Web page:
…I do not think it means what you think it means.
—paraphrase of Inigo Montoya in The Princess Bride
I keep returning, over and over again, to the images of transformation I read in the Bible. Not the “do not be conformed” phrases, but the metaphors. Humans as clay in God’s hands. Humans washed of sin the way dyers in ancient times prepared their cloth. Humans prepared like beautiful metals. I run into these images repeatedly in contemporary religious life, so on the one hand I’m in a lot of company. On the other hand, I really wonder.
Maybe those songwriters fully, truthfully felt what they were singing. But I have often wondered whether the folk standing around the campfire on a church retreat would sing so earnestly if they knew what they were invoking— “You are the potter / I am the clay / Mold me and make me / this is what I pray” or “Refiner’s fire: my heart’s one desire” ? Maybe the folk who find beautiful landscape photographs, then format verses about “white as snow” on top of them, feel the stress of the fuller’s process in their lives. Do the ones who re-blog them?
Extensive reading taught me by example that one should be very careful what one asks for. Here are some definitions, or object lessons, for why I am thoughtful before I quote these Biblical images in my prayers and readings.
potter and clay
Throwing a Bowl with Emily Reason
Jeremiah 18:3-6 New Revised Standard Version
3 So I went down to the potter’s house, and there he was working at his wheel. 4 The vessel he was making of clay was spoiled in the potter’s hand, and he reworked it into another vessel, as seemed good to him.
5 Then the word of the Lord came to me: 6 Can I not do with you, O house of Israel, just as this potter has done? says the Lord.
“Making white cloth involved bleaching it in the sun and ancient Woolite, which probably contained vinegar and caustic soda (mentioned symbolically in Proverbs 25:20) as well as urine, which apparently sudsed up nicely when it came into contact with wool’s natural oils. Roman clothing manufacturers even kept pots outside their doors for passersby to pee in.”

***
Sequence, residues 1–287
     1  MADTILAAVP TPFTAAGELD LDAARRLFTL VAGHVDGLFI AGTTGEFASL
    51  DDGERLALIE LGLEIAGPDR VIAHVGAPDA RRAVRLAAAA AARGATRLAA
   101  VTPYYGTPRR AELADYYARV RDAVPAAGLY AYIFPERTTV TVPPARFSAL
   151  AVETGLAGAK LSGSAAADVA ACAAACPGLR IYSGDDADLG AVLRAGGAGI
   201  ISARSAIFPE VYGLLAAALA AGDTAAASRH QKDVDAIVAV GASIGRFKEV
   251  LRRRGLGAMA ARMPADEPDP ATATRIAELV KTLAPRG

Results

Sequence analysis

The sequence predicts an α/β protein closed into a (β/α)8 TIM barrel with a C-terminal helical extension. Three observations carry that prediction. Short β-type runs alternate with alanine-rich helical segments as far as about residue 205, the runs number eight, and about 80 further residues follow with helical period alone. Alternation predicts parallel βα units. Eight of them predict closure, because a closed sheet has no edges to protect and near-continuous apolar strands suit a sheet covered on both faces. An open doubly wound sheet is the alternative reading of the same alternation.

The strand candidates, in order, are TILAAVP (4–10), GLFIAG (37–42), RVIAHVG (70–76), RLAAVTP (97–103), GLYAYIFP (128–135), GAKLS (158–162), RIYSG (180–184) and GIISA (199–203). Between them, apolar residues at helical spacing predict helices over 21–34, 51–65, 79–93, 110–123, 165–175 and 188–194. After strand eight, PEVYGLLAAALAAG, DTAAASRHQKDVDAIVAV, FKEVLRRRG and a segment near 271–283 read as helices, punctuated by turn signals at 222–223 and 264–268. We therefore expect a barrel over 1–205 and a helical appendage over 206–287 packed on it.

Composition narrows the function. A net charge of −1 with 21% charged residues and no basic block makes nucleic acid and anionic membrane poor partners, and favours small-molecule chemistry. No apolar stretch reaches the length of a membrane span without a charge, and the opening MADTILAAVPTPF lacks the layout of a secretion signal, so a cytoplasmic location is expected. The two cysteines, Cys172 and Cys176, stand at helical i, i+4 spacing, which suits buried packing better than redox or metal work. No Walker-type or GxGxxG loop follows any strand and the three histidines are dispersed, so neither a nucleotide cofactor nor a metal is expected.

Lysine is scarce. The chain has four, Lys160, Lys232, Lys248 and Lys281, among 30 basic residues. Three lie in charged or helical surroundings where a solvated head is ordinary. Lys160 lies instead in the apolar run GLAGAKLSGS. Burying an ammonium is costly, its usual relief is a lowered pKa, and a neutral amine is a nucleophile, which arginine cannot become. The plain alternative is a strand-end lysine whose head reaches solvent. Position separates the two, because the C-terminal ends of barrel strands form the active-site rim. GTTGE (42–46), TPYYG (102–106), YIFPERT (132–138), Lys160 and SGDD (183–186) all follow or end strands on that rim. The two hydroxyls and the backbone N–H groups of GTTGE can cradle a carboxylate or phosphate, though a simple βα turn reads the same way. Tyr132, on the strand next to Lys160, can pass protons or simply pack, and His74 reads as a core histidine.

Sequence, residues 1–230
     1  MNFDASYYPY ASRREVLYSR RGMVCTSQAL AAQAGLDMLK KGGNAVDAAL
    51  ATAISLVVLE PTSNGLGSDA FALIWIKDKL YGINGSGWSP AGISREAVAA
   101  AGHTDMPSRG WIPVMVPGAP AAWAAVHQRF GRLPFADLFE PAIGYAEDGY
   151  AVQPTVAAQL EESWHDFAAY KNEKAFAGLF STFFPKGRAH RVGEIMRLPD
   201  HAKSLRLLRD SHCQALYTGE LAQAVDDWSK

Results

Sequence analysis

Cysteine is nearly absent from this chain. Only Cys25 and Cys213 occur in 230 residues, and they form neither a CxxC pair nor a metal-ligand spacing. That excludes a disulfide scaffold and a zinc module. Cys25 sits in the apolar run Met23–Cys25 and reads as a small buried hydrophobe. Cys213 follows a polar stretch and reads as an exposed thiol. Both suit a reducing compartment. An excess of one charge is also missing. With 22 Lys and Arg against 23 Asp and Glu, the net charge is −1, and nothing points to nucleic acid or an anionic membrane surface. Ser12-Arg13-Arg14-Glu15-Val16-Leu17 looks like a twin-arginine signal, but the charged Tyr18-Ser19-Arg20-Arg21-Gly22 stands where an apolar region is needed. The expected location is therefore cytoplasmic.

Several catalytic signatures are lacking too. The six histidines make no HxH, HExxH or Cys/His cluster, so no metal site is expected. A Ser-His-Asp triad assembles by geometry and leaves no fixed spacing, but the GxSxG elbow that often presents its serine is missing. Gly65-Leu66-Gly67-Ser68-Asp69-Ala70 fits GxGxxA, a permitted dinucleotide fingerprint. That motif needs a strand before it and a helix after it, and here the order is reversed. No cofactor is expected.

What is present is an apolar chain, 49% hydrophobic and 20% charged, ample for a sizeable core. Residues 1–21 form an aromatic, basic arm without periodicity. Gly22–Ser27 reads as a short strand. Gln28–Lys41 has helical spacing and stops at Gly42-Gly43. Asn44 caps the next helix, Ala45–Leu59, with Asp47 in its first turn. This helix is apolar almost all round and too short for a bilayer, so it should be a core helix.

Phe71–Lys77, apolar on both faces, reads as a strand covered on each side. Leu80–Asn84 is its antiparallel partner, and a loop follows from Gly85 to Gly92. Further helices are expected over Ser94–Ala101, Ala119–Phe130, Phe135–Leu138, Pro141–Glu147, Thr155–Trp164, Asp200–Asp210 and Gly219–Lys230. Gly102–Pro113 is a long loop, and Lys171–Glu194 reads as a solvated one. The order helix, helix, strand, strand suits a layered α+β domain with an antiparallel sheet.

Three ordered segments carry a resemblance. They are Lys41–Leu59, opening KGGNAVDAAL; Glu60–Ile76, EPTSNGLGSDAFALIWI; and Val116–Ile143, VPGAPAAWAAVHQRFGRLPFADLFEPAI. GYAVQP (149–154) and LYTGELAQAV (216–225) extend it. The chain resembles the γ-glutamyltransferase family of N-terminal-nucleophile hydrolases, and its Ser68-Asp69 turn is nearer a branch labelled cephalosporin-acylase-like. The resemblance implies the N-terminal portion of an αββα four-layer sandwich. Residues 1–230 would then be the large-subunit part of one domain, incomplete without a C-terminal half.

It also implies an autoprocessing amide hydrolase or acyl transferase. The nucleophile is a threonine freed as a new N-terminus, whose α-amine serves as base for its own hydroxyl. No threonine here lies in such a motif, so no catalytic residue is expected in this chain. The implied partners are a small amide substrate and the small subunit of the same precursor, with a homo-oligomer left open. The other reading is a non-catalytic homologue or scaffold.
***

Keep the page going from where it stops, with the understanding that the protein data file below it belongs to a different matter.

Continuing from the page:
read the original from haaretz.com
Other historians point out that the bleaching process was hastened by pounding the cloth as it soaked in the urine. In Biblical times, it was slaves’ stomping that provided the pounding. A ‘fuller,’ by the way, is a person who prepares fibers and cloth for further use, including dying.
Psalm 51:7 New Revised Standard Version
Purge me with hyssop, and I shall be clean;
wash me, and I shall be whiter than snow.
Malachi 3:2-3 New Revised Standard Version
2 But who can endure the day of his coming, and who can stand when he appears?
For he is like a refiner’s fire and like fullers’ soap; 3 he will sit as a refiner and purifier of silver, and he will purify the descendants of Levi and refine them like gold and silver, until they present offerings to the Lord in righteousness.
Watch until the 7:00 mark
Zechariah 13:9 New Revised Standard Version
And I will put this third into the fire,
refine them as one refines silver,
and test them as gold is tested.
They will call on my name,
and I will answer them.
I will say, “They are my people”;
and they will say, “The Lord is our God.”
Now you know.
Even knowing what they mean, I too use these images. Knowing what lies behind them makes them even more comforting to me—in a backwards way. I may not find my experience fun, or pleasing, but if God’s intention is made real by dropping me in a trough of urine and having someone stomp on me
perhaps the whiteness of my resulting cloth will be beauty enough for God’s purpose…and maybe even my comfort.